They do tend to come in threes, and Hollywood lost three influential players in the last few weeks (not including the tragic murder of publicist Ronni Chasen, whose work was done behind-the-scenes). Dino DeLaurentiis, Irvin Kershner and Leslie Nielsen all made their mark on Hollywood, but, for me, each had a unique influence on my childhood cinematic experiences.
Like milestones, there are seminal movies in every kid’s life that mark points of passage. For me, Airplane! was the movie that shaped my sense of humor—it was the first time I ever consciously remember something being FUNNY. The movie was a revelation —-for an American kid living overseas who knew nothing but the over-my-head hijinks of Benny Hill , Airplane’s simplicity and downright silliness was like candy—I just couldn’t get enough. I can still quote more lines from this movie, 20 years later, than I can the show I watched last night.
To this day, I can’t see or hear any of the following without thinking of it in Airplane! context:
-“Everything’s Coming Up Roses”
-white zone/red zone
-Roger, Clarence or Victor
-Kareem Abdul Jabbar
-any Jewish superstar athlete
-and whenever anyone says “striker,” I just HAVE to say “Striker? Striker?” and then mimic someone punching someone out. Just can’t help it.
But of course, the best lines in the film were reserved for the inimitable Leslie Nielsen, who played the spoof-tastic doctor. From the moment we meet him, wearing his stethoscope, Nielsen delivers each line with perfect timing and a dignity that makes “and don’t call me Shirley” all the more side-splitting.
So next time you are tempted by
“this woman has got to get to a hospital,”
“The hospital? What is it?”
“it’s a large building with patients, but that’s not important right now,”
just think of Nielsen, who perfected the dry one-liner delivery, and thank him for playing a role in the shaping of an entire generation of smartasses.
Kershner had a prolific career as a director. He directed a Bond film (Never Say Never Again), RoboCop sequels, and Roger Corman movies. But let’s be honest. Kershner’s resume, as far as an entire generation is concerned, has only one credit that matters: Star Wars, Episode V: The Empire Strikes Back.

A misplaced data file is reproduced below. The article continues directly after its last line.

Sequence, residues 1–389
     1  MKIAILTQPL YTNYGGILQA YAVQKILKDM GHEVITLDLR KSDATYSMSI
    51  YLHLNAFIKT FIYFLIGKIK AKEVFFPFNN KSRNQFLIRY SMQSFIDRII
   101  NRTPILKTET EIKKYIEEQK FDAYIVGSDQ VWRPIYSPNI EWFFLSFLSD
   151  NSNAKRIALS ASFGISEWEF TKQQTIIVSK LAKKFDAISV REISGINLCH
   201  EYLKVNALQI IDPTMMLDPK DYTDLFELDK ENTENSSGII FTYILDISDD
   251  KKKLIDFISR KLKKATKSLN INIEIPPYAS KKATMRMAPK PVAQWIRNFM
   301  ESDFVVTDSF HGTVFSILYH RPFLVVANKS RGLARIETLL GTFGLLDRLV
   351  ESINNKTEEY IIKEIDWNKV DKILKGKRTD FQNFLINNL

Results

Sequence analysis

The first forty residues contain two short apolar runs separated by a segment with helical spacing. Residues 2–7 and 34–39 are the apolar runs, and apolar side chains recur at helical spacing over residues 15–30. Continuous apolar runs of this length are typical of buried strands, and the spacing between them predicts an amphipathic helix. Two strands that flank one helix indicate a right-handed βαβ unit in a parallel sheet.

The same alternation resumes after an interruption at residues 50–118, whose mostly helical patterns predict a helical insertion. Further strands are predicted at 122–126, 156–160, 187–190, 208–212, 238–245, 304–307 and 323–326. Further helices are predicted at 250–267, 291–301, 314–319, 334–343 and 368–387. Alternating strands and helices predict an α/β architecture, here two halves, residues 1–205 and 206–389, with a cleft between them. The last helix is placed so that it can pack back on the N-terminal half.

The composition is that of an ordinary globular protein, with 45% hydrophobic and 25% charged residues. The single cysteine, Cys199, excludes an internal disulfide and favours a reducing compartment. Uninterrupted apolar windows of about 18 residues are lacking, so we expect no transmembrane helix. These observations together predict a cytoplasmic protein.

Yes, I’m a Star Wars fan. And, like any good fan, I salute The Empire Strikes Back as the unquestioned best of all the films, Kershner’s direction playing a significant part in its success. Empire is the darkest film of the franchise, the most cerebral, and has the most soul. Certainly the franchise is George Lucas’ brainchild, but Empire Strikes Back was Kershner’s vision.
And it was no small feat. Remember this: The Empire Strikes Back was a sequel. And not just any sequel, it was the sequel to a groundbreaking and record-setting film that coined the term “blockbuster,” was nominated for Best Picture and broke every box office record there was. Think of all that Star Wars has influenced in popular culture since then and imagine if it had never been. If The Empire Strikes Back had fallen flat, there would be no “Star Wars” as we know it today. It simply would have been another single great movie ruined by a lackluster sequel.
I can think of only three sequels that equaled or surpassed the original: Godfather II, Toy Story 2 and The Empire Strikes Back. All three are now part of legendary film franchises that would not exist if the second film had not succeeded.
So yes, if you are a Star Wars fan, you owe almost as much to Kershner as you do Lucas for your Star Wars lunchbox, your Princess Leia Halloween costume and your R2-D2 plush toy (yes, I did have one).
The Force was strong with him.
Dino De Laurentiis:
I know that De Laurentiis produced a lot of movies. But I only care about one: King Kong.
I’ll give you a moment to let that sink in.
Ok, I know that King Kong (the 1976 version), was campy, over-the-top and incredibly cheesy. But that was De Laurentiis at his best. What De Laurentiis was also really good at was spotting talent. Do you know who the male lead was in King Kong? A mostly unknown Jeff Bridges. You may have heard of him now. Also in the cast was Charles Grodin. But, in my little world, the most important part that De Laurentiis filled was that of Dwan, the beautiful blonde who becomes the love interest for the Big Ape. When he was casting Dwan, De Laurentiis was looking for someone fresh, new and beautiful. But he also wanted someone with a special something—more than a pretty face. He found his leading lady through a modeling agency, someone who had never acted before in her life and cast her in his big-budget blockbuster. Now, 33 years later, that actress has two Oscars and is considered one of the finest actors of her generation. Her name? Jessica Lange.
And anyone who knows me knows how much I love and respect Jessica Lange and her influence on my life.
Dino may have been a schlock-meister, but he sure knew a good thing when he saw it. After seeing her in King Kong, Bob Fosse wrote a part for her and then cast Lange in All That Jazz, and Bob Rafelson cast her as the female lead in The Postman Always Rings Twice, opposite Jack Nicholson. And then came a little film by Sydney Pollack named Tootsie—and the rest is history.
The Academy Award ceremony in February will honor all the members of the film community who passed this year. I’m sure each one of them touched someone in their audience the way Leslie, Irvin and Dino touched me. Rest in peace.